Poetry competition - Winner announced!
We are delighted to announce that Ron of Brueton Place in Solihull is the winner of our poetry competition. Here are a few words from Michael Bird, writer and art historian, on the value of poetry during this challenging time and why he chose Ron’s poem as the winner.
A big thank you to all our homeowners (and staff!) who sent in your poems. Poetry must be about the best possible antidote to isolation – a poem is a kind of conversation with yourself that speaks to other people, whether you’re in the room with them or not.
These days my own writing is mostly about art and artists. But poetry is where I started as a published writer in my early twenties, and for me it’s still the heart of writing. ‘Style is a very simple matter,’ said the novelist Virginia Woolf: ‘it is all rhythm.’ And I’d agree. I find that almost every piece of writing, from a long book to a short review, starts with a rhythm – what Woolf called ‘a wave in the mind’ – not with a detailed idea of what I want to say.
Writing on the theme of ‘the pandemic’ was quite a challenge – it has changed all our lives so suddenly and made the future feel like having to learn to walk again. I suppose I was expecting this theme to result in predominantly dark, melancholy poems. I was wrong. Your poems covered the whole spectrum of feelings about our strange new world of social isolation, but there was lots of humour and optimism, and a real sense of putting this crisis into perspective.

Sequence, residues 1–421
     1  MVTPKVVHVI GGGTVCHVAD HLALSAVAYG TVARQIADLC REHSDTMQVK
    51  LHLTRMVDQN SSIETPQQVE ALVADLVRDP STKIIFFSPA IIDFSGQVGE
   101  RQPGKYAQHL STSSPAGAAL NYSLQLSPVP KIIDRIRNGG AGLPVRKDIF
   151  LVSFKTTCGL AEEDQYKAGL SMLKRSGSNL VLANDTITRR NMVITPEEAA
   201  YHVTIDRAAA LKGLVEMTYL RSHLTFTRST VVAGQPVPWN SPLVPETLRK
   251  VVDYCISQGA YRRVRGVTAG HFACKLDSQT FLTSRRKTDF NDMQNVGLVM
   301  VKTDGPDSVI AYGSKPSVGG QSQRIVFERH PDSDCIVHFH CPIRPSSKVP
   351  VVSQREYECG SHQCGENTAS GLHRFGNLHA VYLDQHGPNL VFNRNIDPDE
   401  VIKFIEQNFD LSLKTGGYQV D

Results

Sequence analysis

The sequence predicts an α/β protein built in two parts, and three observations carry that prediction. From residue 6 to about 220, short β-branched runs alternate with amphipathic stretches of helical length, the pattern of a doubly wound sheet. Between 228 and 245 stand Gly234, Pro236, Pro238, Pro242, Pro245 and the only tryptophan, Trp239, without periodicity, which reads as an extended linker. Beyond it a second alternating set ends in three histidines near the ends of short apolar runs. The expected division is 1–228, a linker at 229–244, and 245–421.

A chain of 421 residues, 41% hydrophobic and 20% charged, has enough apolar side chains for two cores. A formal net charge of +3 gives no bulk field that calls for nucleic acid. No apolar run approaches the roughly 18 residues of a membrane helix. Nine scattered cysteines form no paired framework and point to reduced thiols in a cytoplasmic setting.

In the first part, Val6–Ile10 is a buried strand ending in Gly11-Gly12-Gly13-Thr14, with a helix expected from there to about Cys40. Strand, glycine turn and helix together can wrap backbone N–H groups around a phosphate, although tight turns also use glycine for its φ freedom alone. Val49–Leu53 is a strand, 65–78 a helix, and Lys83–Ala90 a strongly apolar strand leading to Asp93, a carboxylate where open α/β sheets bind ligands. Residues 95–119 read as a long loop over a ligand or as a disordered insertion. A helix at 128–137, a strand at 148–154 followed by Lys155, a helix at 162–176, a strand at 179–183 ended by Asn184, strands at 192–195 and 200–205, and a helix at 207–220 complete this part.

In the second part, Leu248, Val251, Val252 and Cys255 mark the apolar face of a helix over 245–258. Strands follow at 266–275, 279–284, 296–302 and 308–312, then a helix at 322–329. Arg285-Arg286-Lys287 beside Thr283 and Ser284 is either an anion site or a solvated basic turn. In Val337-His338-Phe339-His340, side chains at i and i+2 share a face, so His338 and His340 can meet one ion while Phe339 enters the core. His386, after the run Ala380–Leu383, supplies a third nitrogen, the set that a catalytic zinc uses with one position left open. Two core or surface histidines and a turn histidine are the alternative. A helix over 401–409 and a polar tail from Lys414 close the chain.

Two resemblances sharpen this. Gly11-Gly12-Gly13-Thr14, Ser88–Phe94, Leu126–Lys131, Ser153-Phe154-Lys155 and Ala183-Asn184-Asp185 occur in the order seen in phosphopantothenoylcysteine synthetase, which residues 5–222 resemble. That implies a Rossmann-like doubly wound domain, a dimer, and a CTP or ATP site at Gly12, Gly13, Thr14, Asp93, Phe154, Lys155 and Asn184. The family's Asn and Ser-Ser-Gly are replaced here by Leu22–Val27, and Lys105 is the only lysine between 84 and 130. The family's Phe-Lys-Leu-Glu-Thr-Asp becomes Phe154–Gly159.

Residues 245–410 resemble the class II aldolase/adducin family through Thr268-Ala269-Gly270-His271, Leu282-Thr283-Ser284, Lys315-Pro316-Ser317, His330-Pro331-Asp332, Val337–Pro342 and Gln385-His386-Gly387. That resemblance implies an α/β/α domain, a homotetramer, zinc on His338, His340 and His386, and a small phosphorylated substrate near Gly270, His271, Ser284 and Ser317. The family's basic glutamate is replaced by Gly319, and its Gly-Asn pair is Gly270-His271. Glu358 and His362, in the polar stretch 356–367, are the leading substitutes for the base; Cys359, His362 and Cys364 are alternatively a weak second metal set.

Poetry isn’t a race. A good poem is different from other poems, not better. It has a life of its own. But I was asked to pick a winner, and I’ve gone for Ron's ‘The Girls of First Floor Brueton Place’. It’s a lively, affectionate and funny take on friendship and social distancing. The brisk rhymes are deceptively simple – look again, and you’ll realise how neatly Ron balances light and shade (‘gloom’ and ‘bloom’) in his tribute to ‘the girls’. And – as you might have guessed – I love the swing to that rhythm!
Michael Bird is a writer and art historian. His books include 100 Ideas that Changed Art, Studio Voices: Art and Life in 20th-century Britain, The St Ives Artists: A Biography of Place and Time and a bestselling history of art for children, Vincent’s Starry Night and Other Stories. Michael is Royal Literary Fund Fellow at the University of Exeter. He lives in Cornwall with his wife, the artist Felicity Mara.
For a limited time, you can enjoy a 35% discount on Michael Bird’s 100 Ideas that Changed Art and Vincent’s Starry Night and Other Stories via his publisher, Laurence King. Simply click on the links above and use the discount code ‘MCCARTHYANDSTONE’ at the checkout.